Le Ledo Inc. (LLI) of Sudbury has developed the concept and business models to transform the city's planned Junction district, and it is centred around transforming one of the more run-down buildings in the city’s downtown core.
At $40,000,000, the plan as envisioned will be the largest private investment into the city’s downtown.
LLI has been working for a few months with an internationally recognized Canadian architecture firm on the design of what is being named ‘Le Ledo‘,” the group said in a news release today.
The 0.6-acre site that is bordered by Van Horne, Elgin and Shaughnessy will reimagine the entire property with a 150,000 sq. ft. commercial development in Sudbury’s south section of the Junction district with a combination of existing uses and others allowable within the C-6 commercial zoning.
The project would conform with the city’s Official Plan and the Downtown Master Plan, LLI said today.
LLI states, “with several road networks, transit hub and infrastructure already in place, Le Ledo will do its part by making use of the central location and benefits to the city”.
The existing Ledo Hotel will be kept, repurposed and integrated into the project. The design sees a continuation of a three-storey brick and glass facade across the site with a 14-storey tower above, clad in copper (a nod to the city’s history) and glass.
Based on the commitment from the City of Greater Sudbury to build a new public library and art gallery as part of the Junction project, LLI felt the time was right to look to redevelop an historic and iconic corner of the downtown.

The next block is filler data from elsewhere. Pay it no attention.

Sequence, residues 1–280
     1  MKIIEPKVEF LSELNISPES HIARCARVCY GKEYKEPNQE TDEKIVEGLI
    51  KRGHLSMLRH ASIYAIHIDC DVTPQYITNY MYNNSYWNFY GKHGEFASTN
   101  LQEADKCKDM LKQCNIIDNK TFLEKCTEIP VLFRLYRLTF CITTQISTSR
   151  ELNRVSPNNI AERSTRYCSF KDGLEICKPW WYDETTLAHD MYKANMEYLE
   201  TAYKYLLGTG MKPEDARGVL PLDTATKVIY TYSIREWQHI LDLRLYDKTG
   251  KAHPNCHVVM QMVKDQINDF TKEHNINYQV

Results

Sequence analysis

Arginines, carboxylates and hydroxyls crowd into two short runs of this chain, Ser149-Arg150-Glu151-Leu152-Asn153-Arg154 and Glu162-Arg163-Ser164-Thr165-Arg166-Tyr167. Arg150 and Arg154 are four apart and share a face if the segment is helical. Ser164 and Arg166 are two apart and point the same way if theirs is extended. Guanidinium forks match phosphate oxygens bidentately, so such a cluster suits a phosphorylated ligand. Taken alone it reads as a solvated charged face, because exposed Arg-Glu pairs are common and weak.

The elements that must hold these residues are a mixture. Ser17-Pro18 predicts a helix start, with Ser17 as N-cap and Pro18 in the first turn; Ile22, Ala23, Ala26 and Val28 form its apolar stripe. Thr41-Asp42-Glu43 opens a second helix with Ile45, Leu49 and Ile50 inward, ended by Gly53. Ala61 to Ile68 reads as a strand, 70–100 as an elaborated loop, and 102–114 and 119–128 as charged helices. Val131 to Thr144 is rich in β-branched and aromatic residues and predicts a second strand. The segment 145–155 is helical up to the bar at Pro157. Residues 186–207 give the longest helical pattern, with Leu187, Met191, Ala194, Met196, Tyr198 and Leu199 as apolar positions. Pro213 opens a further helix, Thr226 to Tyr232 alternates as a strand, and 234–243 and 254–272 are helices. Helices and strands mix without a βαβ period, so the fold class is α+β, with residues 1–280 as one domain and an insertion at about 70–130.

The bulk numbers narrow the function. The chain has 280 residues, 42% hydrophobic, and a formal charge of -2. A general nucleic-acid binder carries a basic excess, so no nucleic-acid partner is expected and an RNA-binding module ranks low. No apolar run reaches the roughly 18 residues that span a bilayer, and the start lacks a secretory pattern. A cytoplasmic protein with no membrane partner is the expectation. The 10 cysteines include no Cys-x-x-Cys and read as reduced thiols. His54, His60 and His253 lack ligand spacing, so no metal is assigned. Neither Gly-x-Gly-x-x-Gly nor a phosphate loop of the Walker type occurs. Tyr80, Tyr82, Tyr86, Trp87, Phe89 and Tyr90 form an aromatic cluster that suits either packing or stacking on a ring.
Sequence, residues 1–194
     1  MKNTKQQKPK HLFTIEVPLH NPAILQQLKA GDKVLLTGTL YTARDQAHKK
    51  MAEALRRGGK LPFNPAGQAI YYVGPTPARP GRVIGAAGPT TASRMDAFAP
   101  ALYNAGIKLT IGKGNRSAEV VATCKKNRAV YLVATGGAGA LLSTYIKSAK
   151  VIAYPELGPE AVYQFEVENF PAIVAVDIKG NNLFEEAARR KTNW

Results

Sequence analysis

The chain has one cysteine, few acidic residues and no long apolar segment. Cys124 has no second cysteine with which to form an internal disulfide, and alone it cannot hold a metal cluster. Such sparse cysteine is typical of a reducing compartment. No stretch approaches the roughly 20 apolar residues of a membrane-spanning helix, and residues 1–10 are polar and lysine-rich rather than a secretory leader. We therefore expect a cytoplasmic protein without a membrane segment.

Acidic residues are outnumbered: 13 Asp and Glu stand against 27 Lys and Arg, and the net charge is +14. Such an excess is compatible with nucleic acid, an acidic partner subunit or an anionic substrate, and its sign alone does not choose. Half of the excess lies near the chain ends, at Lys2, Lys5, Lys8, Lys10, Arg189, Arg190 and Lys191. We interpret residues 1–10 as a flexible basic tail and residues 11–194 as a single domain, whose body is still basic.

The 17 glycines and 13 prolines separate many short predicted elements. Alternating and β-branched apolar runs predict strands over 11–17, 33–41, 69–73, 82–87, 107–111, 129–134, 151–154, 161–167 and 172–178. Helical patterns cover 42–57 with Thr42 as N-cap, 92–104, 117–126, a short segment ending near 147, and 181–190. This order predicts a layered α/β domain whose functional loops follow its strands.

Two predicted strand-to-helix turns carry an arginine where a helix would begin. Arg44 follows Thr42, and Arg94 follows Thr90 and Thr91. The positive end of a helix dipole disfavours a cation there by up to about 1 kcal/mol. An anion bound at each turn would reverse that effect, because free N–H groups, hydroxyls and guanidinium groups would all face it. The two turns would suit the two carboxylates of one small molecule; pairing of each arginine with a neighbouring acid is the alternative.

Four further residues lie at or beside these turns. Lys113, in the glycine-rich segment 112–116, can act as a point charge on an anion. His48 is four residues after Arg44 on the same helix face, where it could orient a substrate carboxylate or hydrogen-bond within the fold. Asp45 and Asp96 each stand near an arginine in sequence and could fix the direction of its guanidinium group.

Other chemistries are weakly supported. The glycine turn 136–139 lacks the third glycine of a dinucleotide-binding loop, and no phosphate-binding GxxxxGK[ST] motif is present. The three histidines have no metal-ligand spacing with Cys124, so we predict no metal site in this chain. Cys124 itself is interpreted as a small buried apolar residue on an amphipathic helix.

Design teams for the Junction were shortlisted by the city this past spring. The proponents of the LLI idea said in a news release this indicates the city’s commitment to moving forward with the project. Coupled with what LLI called “the real prospect” of the Sudbury Arena being renovated and transformed by the Project NOW idea (which would require the city to withdraw its support for the already underway Kingsway Entertainment District project), the Le Lido idea is viable, proponents said.
An LLI spokesperson said “having the design competition during our process encouraged our team knowing there will be some very compelling ideas for the public to get excited about this Fall.” LLI has indicated to the city that they would enter into a long-term lease agreement for 120-plus parking spaces within the Junction District with an annual revenue to the city of more than $100,000.
Additionally, as part of LLI’s commitment to the neighbourhood and people, the group said it would provide $150,000 to a local social services agency to assist with outreach efforts in the area.
According to the news release from LLI, the project would generate, on an annual basis, $600,000 in new tax for the municipality (a 1,400-per-cent increase), $225,000 in new tax for education (a 2,300-per-cent increase) and $90,000 in new dollars for the downtown BIA (a 1,500-per-cent increase).
This investment coincides with the city’s desire to create the Junction District (East and West), develop the downtown and increase the property tax base, and value of living for residents of Greater Sudbury.
"Le Ledo will provide a stunning backdrop to support that vision to the south," said the news release. "LLI looks forward to working with staff, council and the private sector to realize this goal."
LLI believes Sudbury has the ability to rebound quicker than larger centres in Canada in a post-COVID world for a whole host of reasons given its regional strength, quality of lifestyle and adaptability.
With that in mind, LLI anticipates the completion of the project to coincide with the opening of the downtown public library and art gallery.